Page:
Community members wishing to honor Stein’s legacy can make volunteering a priority. They can offer a ride to someone who cannot drive, help out at a food pantry or help make a minyan at a synagogue.

Other ways to perpetuate Stein’s principles include donating blood, Leigh Stein said, spending time with those who are ill and visiting departed loved ones at the cemetery.

Behaving honorably and respectfully were important values that Stein exemplified, Leigh Stein said. He valued honesty and shunned gossip. The community could consider following his lead.

Mel Wax, 88, New Light Congregation

Mel and Sandy Wax (Photo courtesy of Jodi Kart)

For Mel Wax, it was very important to ensure that there were enough people to constitute a minyan so that Kaddish could be recited, his daughter, Jodi Kart said.

“That was critical to him,” she said. After Kart’s mother died, her father attended Shaare Torah congregation daily (New Light did not have weekday services) so he could say Kaddish. When that year was up, he remained on call to head over to the synagogue to help make the minyan whenever he was needed.

When New Light moved into the Tree of Life building, Wax began attending Sunday morning services with Tree of Life Congregation to help ensure they would have a minyan as well.

Being Jewish was an integral part of Wax’s identity, Kart said. Her earliest memories of her father are of him putting on his tallis and davening at home during the years that he was working and could not attend daily services at a shul.

“And on weekends, he would daven twice a day,” she said.

One way to continue Wax’s legacy, Kart said, would be to attend synagogue services when possible.

“If you could help your congregation, or any congregation, to make that minyan, that would ultimately honor his memory,” she said.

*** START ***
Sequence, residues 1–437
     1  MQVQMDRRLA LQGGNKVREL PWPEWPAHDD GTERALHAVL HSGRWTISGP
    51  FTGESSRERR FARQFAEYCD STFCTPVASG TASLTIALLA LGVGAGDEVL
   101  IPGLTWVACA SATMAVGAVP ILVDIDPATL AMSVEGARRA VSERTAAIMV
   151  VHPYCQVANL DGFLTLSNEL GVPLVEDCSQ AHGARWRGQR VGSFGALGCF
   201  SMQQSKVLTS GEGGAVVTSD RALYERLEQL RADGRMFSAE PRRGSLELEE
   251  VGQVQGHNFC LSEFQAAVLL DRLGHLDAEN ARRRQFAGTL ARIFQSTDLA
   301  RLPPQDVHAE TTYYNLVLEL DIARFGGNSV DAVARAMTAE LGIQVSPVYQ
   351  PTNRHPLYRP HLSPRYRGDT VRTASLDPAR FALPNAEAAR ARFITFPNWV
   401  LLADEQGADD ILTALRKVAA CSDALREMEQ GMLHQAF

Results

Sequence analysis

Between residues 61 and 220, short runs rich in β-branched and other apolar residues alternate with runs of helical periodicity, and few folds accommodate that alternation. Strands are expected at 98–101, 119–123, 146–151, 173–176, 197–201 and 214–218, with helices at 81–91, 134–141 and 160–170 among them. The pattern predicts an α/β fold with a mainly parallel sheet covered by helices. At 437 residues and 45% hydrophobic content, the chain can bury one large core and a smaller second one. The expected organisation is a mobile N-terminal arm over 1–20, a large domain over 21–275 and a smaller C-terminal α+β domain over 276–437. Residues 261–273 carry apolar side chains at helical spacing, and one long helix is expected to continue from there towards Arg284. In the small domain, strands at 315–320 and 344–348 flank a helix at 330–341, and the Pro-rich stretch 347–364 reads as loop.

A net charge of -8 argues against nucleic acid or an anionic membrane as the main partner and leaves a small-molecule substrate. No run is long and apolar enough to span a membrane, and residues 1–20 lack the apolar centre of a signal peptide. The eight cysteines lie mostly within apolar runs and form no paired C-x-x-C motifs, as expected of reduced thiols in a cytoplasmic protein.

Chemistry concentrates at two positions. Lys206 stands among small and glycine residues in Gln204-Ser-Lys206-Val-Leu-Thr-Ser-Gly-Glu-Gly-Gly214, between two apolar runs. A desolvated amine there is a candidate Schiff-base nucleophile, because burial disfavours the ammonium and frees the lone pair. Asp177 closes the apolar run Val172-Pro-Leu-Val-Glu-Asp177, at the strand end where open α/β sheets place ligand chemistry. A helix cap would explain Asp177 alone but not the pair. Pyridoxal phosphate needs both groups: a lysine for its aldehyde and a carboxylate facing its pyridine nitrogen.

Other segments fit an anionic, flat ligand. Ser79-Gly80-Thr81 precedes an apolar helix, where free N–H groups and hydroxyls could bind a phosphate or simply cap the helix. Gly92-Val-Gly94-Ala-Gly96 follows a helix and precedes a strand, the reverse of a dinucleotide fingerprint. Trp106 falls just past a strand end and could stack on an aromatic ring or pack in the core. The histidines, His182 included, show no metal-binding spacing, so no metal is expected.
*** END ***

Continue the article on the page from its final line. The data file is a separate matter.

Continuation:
Another way to carry on Wax’s legacy would be to observe Shabbat, Kart said.

“When he worked he wasn’t able to do that, but as soon as he retired, he was there every Friday night, every Saturday morning. He always honored Shabbat. That was very important.”

So, Kart said, whether it is lighting candles or finding another way to acknowledge the day, celebrating Shabbat would be a nice way to remember her dad and the values that were important to him.

Irving Younger (Photo courtesy of Judith Kaye)
Irving Younger, 69, Tree of Life Congregation
Irv Younger was a man with many endearing qualities.

Irv was a very warm and outgoing person who loved being with people and telling jokes. He couldn’t walk down Murray Avenue without constantly being greeted and stopped by friends wanting to say hello, chat or reminisce, and it took only minutes after meeting someone new for them to be added to the long list of those who liked him.

He had a sweet and loving nature. He also had such a generous spirit; a giver and a nurturer with a desire to please and for whom it was very important that others felt he could be depended upon. He got great pleasure out of doing things for others and being needed. He was a devoted family man who took care of his deceased wife through the many years she was ill. He was a foster parent many times over. He was a coach to young baseball players who were so fond of him even many years later. He was a proud member of Tree of Life where he got such pleasure out of being the usher and greeter, and where he cared and was cared about. He was a doting grandfather; when he spoke of his grandson, it seemed as if his heart would burst because it couldn’t contain all the love Irv had for him. He was also the late love of my life, who with me was also incredibly affectionate, playful, easygoing and patient. He had the ability to make those he cared about feel his love strongly and feel taken care of, nurtured and protected.

He had an unusual capacity to feel and express a deep, whole-hearted childlike and unconditional type of love. He also knew that caring was not just noticing but overlooking. He often seemed to hardly notice others’ flaws but which if noticed, were easily forgiven.

For Irv, it was even more important to love than to be loved. PJC

Judith Kaye

Toby Tabachnick can be reached at